November, 2019: Health charity St John Ambulance is urging everyone to learn some basic first aid skills ahead of the Bonfire Night celebrations.   

Volunteers from St John will be out and about, keeping communities safe at hundreds of fireworks events across the country so that anyone who needs first aid gets it quickly. However, injuries are much more likely to occur at private parties, where trained volunteers won’t be on hand to help.   

Thousands of people visit A&E every year for treatment of a firework-related injury but knowing some basic first aid skills to help in a firework first aid emergency can be vital to help prevent avoidable trips to hospital, reducing pressure on the NHS.  

Dr Lynn Thomas, Medical Director at St John Ambulance, said: “Every year, our highly skilled volunteers keep local communities safe at firework events across the country. Attendees at these events can be reassured that expert help is on hand if they need it. 

“For those celebrating at smaller community events, we would urge extreme caution and advise strictly following instructions when handling, lighting and watching fireworks. In those unfortunate instances when someone has a minor injuryknowing what to do and acting fast can prevent further harm and relieve suffering. However, always dial 999 in the case of serious injuries.”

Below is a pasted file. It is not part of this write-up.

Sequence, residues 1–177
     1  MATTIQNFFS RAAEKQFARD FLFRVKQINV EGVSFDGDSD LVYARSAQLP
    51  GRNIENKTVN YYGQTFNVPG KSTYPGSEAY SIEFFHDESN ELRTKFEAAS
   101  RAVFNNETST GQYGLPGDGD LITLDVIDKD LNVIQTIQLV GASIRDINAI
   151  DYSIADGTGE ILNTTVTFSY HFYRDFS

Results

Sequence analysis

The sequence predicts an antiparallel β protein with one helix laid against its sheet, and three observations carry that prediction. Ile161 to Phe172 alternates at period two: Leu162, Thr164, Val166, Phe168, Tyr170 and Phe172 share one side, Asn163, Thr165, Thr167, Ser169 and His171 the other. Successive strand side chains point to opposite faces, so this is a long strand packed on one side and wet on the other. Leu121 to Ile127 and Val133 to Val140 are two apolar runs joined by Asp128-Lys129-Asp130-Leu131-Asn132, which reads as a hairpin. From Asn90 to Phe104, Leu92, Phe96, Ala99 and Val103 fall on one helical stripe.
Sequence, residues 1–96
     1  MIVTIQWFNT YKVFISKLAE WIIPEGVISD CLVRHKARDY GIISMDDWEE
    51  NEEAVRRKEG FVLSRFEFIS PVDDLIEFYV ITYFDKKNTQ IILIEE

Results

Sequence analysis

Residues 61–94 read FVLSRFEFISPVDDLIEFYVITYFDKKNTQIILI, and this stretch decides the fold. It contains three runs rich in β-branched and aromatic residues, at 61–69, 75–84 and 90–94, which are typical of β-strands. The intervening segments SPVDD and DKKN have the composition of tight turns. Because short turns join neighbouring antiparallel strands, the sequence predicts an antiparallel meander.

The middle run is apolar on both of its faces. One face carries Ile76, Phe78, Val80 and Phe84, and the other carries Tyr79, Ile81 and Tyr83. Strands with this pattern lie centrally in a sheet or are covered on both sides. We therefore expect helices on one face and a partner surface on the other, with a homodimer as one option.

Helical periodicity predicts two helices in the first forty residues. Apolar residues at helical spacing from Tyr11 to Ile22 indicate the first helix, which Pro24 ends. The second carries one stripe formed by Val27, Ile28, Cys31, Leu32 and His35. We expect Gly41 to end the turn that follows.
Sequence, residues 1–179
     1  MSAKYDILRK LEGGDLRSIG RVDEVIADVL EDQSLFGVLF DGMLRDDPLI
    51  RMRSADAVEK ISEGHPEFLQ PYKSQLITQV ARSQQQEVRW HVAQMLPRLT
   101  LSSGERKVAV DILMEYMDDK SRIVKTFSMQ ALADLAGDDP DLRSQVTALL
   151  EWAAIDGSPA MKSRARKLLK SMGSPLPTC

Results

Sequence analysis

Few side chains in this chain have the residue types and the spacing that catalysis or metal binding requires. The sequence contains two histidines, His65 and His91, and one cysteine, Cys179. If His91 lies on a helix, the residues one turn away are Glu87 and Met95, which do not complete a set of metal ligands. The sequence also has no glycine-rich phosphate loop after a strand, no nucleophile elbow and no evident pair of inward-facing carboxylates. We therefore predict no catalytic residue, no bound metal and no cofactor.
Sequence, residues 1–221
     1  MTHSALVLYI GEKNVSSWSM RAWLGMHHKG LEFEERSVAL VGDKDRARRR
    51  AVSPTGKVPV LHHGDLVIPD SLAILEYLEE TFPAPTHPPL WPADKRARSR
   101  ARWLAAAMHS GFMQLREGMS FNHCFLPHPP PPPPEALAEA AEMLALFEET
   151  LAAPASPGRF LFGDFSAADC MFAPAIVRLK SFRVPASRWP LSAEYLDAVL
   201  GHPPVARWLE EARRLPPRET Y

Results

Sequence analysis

St John Ambulance’s Firework First Aid 

Burns or scalds 

If someone’s got a burn or scald: 

  • Move the person away from the heat  
  • Place the burn or scald under cool running water for at least 20 minutes  
  • If the burn is to a young child, larger than your hand, on the face, hands or feet, or is a deep burn, call 999 
  • Remove jewellery and clothing around the area, unless stuck to the burn 
  • Cover the burn loosely, lengthways with kitchen film to prevent infection  
  • Don’t burst blisters or apply creams or lotions 
  • Monitor and treat for shock if necessary 
  • Tell them to seek medical advice. 

Cinders in the eye 

If someone’s got something in their eye: 

  • Tell them not to rub it, so they don’t make it worse 
  • Pour clean water over their eye to wash out what’s in there  
  • If this doesn’t work, try to lift the debris out with a damp corner of a clean tissue 
  • If this doesn’t work either, don’t touch anything that’s stuck in their eye – cover it with a clean dressing or non-fluffy material 
  • Then take or send them straight to hospital. 

Smoke inhalation 

If someone’s inhaled smoke: 

  • Move them away from the smoke so they can breathe in some fresh air 
  • Help them sit down in a comfortable position and loosen any tight clothing around their neck to help them breathe normally 
  • If they don’t recover quickly, call 999/112 for an ambulance.